Watch First Video Of Mysterious Ruby Seadragon

Posted: Jan 13 2017, 7:32am CST | by , Updated: Jan 13 2017, 9:01am CST, in News | Latest Science News

 

Rare Ruby Seadragon First Time Spotted in the Wild
Researchers at Scripps Oceanography and the Western Australian Museum capture on video the first-ever field sighting of the newly discovered third species of seadragon. As they observed two Ruby Seadragons on video for nearly 30 minutes, the scientists uncovered new details about their anatomy, habitat, and behavior. CREDIT: Scripps Oceanography/UC San Diego
  • Experts get Brand New Footage of Ruby Seadragons in the Wild State
 

The experts have managed to get some brand new footage of Ruby Seadragons in the wild state.

Researchers hoped to capture footage of the third species of seadragon known as the Ruby Seadragon. They got their wish fulfilled recently. A scientific expedition was led off the coast of Australia and brand new footage of Ruby Seadragons was obtained.

The researchers spent many days and nights in the search mission with small remote operated vehicles. The waters they entered were 50 meters below the surface.  

They were successful in their endeavors. The first view of Ruby Seadragons which are actually a type of fish took them by surprise. It was indeed an exciting moment.

They looked on as two Ruby Seadragons interacted with each other for the time span of half an hour. Novel facts concerning their shape, environment and activities were discovered by the researchers.

"It was really quite an amazing moment," said Scripps graduate student Stiller, a coauthor of the new study published in the Jan. 13 issue of the journal Marine Biodiversity Records.

"It never occurred to me that a seadragon could lack appendages because they are characterized by their beautiful camouflage leaves."

This sighting of the Ruby Seadragons shows that they do not have any leaf-like extra bits. These had been considered by scientists to be a definite part of the anatomy of all seadragons. Yet now thanks to the research, we know better. 

The two known species, that is the Common and Leafy Seadragons, do happen to have appendages. However, the Ruby Seadragons do not have any appendages.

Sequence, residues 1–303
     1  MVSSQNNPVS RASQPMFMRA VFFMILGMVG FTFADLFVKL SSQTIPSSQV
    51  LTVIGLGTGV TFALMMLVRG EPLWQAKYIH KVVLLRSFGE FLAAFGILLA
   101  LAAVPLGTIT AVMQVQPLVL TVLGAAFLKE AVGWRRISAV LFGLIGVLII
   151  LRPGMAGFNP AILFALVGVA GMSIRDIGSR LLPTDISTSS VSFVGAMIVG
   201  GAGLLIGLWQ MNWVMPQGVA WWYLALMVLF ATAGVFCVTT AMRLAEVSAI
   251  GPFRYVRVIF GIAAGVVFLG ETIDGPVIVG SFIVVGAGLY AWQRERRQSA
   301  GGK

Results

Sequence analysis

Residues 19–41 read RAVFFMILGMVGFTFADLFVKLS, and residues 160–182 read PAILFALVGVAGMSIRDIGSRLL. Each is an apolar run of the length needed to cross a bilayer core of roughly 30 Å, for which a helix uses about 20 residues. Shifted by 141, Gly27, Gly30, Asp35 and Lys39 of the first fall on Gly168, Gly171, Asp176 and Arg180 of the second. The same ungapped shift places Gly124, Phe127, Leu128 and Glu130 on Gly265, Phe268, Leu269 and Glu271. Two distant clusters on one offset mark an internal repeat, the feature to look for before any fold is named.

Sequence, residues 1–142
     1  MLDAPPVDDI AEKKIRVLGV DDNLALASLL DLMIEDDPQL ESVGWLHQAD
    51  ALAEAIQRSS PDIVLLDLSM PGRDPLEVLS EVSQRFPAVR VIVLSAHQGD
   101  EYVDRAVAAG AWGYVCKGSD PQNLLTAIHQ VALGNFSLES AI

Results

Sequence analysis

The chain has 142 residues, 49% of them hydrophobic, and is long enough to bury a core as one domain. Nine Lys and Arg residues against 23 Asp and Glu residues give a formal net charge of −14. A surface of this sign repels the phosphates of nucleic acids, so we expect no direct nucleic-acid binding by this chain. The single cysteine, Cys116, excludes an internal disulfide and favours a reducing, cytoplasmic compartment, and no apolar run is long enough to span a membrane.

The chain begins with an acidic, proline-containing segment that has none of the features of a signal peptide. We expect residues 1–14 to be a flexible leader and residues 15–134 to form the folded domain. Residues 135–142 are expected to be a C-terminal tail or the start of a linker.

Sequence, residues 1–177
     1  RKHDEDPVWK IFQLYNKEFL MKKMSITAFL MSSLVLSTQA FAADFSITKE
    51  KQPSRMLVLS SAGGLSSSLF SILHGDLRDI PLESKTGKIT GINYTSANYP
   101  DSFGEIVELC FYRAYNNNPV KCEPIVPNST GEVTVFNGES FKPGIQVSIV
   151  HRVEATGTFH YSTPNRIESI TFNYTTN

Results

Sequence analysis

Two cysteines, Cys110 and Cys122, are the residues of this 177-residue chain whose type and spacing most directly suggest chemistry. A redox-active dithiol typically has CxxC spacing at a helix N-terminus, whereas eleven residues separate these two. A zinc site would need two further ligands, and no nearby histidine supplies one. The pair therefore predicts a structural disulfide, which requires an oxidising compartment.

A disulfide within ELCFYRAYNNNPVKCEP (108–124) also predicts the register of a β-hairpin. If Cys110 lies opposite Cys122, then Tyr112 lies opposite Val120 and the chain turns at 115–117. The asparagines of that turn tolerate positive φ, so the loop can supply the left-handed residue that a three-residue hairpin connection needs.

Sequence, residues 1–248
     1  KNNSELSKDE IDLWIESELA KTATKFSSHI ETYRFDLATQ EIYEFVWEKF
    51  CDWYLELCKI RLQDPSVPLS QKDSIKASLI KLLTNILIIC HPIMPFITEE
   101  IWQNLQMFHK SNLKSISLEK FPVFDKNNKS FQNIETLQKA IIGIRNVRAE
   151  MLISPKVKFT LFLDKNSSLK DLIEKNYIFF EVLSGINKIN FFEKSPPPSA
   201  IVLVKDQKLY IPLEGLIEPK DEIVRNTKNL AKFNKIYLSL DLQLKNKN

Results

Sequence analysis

The Common and Leafy Seadragons use their appendages to hide among the seaweed and kelp gardens they inhabit in the deep blue sea.

In 2016, the Ruby Seadragon was misidentified as a species that lived a century ago. Yet now we know that it is a distinct species. A 3D model of the Ruby Seadragon was constructed by the experts recently too. This used CT scan facilities and over 5000 X-ray slices.  

This was when the absence of appendages appeared to be for real to the observers. Still the researchers were not so sure. They believed that the appendages had been torn off at some point.

It was only after viewing the latest footage of Ruby Seadragons that the experts came to the final conclusion that these species lack any appendages. Observation in the wild is the real thing and it clears up a great many confusing details.

It was a truly exhilarating moment when the researchers came face to face with the Ruby Seadragons. Another shocking detail came to light when it was discovered that the Ruby Seadragon had a prehensile tail rather in the same manner as the sea horse.

It may use this curled tail to hold on to objects in the marine environment. The Ruby Seadragon probably lost all its appendages due to evolutionary pressures. Its red hue acted as a camouflage device. 

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<a href="/latest_stories/all/all/20" rel="author">Sumayah Aamir</a>
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